6 pricing objectives your SaaS business should consider
Pricing objectives come in all shapes and sizes, but most SaaS companies stick to a handful of different objectives, including revenue, adoption or retention, free trial signups, contract length, and competitors’ prices.
Let’s go through each in more detail, to help you understand which pricing objective is best for your SaaS business.
1. Maximize profit
Profit-oriented pricing objectives are defined to maximize the profit margin of each sale and the long-term profitability of the business. Put simply, profit-oriented pricing objectives are about making as much money as possible.
Most businesses take a twofold approach to profit maximization: they go for a price increase to juice their top-line revenue, and they reduce costs to increase their bottom-line profit. Both numbers play into each other to provide a superior return on investment—increasing pricing might lower the number of sales (without reducing revenue), which lowers per-account costs like support and hosting.
However, hitting numbers purely for the sake of hitting numbers does nothing unless you’re making a profit and retaining users. Getting the high-end buyers to buy your product may be a less profitable objective than having many middle-class buyers buy your product. You might find that you are spending more to acquire customers at the higher price point or that your churn rate increases after changing your prices.
2. Maximize retention
I’ve said before that retention is far more important for SaaS companies than acquisition, and your pricing can be designed to reflect that. Creating a retention-first pricing strategy can be a great objective for SaaS companies. Your prices should be set high enough that customers value your product and continue using it, but low enough that you’re not turning off your target customers with high sticker prices.
Putting retention first can be a great option for subscription companies, but you need to balance that against acquisition costs. Make sure that your CAC is low enough that you’re able to retain users at a profit and keep them from churning; the value you provide needs to be greater than the price so that they won’t churn.
3. Increase adoption and trial sign-ups
Another way you can optimize your pricing is for maximum trial sign-ups. Set your initial pricing low—or even offer a freemium option—to encourage more prospective customers to sign up for your platform. Then, monetize them later through upsells and expansion revenue.
Since the dollar cost of a free trial isn’t part of the equation, solving for trial subscriptions often means making decisions outside of the actual cost of your product. You can play with pricing elements such as free trial lengths, money-back guarantees, and free value-add services, like installation or configuration, to help maximize adoption.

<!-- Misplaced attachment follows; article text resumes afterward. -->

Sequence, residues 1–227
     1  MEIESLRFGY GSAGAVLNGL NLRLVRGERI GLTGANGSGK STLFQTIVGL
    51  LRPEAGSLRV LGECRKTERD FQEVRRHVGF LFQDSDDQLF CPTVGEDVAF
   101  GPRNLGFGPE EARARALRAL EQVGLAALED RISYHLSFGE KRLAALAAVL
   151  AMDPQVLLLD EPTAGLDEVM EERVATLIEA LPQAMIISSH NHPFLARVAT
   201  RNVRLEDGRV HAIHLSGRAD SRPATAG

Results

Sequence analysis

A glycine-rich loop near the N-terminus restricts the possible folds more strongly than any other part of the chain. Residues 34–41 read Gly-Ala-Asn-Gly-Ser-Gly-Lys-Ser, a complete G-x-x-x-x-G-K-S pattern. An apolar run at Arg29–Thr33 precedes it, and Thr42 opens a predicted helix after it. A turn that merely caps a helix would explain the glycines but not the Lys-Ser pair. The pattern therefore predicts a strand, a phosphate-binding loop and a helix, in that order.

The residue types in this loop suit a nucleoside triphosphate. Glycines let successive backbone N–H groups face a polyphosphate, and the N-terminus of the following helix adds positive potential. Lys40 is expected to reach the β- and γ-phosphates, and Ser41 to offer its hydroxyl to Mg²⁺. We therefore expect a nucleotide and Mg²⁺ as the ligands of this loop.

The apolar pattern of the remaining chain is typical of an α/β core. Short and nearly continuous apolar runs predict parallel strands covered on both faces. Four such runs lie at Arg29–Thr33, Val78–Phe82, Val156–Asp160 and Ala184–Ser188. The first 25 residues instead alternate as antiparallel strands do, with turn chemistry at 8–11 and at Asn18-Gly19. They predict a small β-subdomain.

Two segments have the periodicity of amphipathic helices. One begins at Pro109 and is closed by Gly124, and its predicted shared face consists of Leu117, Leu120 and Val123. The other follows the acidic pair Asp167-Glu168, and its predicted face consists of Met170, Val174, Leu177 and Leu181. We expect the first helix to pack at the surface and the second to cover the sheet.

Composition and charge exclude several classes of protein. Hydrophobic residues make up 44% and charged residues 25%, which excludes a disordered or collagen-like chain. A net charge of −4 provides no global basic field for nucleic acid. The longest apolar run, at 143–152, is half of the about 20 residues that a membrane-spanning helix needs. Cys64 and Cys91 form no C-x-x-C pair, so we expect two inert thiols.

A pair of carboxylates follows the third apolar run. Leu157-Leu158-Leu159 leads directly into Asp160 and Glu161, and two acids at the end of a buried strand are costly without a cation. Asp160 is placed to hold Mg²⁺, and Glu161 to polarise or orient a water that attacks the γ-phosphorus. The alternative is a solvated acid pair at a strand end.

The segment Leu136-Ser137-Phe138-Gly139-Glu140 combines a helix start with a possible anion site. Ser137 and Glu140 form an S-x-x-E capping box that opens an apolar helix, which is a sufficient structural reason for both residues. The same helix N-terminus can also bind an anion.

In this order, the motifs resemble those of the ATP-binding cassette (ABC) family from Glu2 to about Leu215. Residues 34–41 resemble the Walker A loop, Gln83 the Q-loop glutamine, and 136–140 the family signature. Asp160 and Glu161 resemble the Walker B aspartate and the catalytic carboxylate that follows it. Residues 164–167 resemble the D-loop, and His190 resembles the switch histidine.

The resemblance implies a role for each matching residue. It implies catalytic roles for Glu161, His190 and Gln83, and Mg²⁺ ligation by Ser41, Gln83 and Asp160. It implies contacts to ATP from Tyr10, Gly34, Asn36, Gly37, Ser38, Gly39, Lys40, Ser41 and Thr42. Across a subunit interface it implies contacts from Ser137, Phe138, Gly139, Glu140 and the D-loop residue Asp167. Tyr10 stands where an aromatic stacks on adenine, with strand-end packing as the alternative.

Remember, though, while freemium is a great acquisition model, you shouldn’t make freemium your only pricing strategy.
4. Extend contract length
Another great pricing objective for subscription companies is to extend the lifecycle of their product line and maximize the length of customer contracts. Longer contracts correlate directly to greatly reduced churn while also keeping your acquisition costs in check.
The optimal contract length for SaaS startups varies, according to Tomasz Tunguz, but annual (or longer) contracts bring stability and predictability. They also give customer success teams more opportunity to create meaningful relationships with new customers and help them achieve their goals.
Ask yourself: Is your contract as long as it should be? Are you retaining users for a year and then letting them go or keeping them for a decade? Can lengthening your contract help minimize costs down the road?
5. Beat the competition
Yes, beating the competition might sound obvious, but your prices can be a powerful tool for maintaining or increasing your market share. Competitor objectives are not the most important thing to consider, but they have their relevance.
Pricing your product low can deter competition from entering a target market—some companies even choose to sell their products at a loss to prevent new players from entering a market. On the flip side, a high price can signal to potential customers that your product is of high quality, increasing the likelihood that they’ll choose your solution over those of your competitors.
6. Mix and match
Pricing objectives are like ice cream flavors: you don’t have to pick just one. In fact, mixing and matching multiple pricing objectives can be a great option for SaaS startups.
Say you want to maximize both adoption and revenue. Generally, you want a careful balance of the two to make the most revenue without losing market share. That “sweet spot” is your ideal price—it’s the inflection point where 50% of the people think it’s not too expensive, but 50% of the market thinks it’s not too cheap.